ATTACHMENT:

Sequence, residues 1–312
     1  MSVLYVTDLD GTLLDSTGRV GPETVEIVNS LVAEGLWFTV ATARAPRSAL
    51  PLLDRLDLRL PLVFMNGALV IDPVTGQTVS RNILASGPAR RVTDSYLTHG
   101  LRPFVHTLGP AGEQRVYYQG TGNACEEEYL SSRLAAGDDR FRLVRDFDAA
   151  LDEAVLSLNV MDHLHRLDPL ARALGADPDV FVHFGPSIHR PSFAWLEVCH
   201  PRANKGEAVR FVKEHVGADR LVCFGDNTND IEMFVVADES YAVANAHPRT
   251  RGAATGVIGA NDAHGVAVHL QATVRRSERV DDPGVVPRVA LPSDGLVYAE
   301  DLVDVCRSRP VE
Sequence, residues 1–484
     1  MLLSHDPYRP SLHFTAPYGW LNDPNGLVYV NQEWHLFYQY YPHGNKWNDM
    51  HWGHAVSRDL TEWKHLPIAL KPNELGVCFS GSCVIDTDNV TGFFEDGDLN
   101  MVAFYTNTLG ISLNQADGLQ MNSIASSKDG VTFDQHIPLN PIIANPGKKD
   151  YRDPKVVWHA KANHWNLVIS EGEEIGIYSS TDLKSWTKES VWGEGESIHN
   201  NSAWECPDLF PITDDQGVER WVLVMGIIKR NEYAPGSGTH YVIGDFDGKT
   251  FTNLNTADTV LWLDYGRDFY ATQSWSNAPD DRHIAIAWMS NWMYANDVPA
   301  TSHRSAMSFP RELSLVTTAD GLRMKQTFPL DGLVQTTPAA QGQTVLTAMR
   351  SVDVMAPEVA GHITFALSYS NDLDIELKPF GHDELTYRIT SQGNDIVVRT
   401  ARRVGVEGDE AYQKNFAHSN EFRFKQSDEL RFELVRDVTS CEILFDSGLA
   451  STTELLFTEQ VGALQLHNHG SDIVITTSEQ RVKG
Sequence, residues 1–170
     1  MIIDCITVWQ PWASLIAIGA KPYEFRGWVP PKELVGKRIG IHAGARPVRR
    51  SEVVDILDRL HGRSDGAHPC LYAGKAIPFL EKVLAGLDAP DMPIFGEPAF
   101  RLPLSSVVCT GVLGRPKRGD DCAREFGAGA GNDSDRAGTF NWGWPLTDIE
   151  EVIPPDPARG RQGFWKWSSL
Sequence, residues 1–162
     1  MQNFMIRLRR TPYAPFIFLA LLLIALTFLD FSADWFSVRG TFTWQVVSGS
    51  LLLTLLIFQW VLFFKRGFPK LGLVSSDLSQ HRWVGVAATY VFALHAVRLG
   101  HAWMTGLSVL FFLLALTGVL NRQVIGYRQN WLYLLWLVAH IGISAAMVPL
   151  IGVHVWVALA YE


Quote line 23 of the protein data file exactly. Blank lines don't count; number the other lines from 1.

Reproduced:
   101  RLPLSSVVCT GVLGRPKRGD DCAREFGAGA GNDSDRAGTF NWGWPLTDIE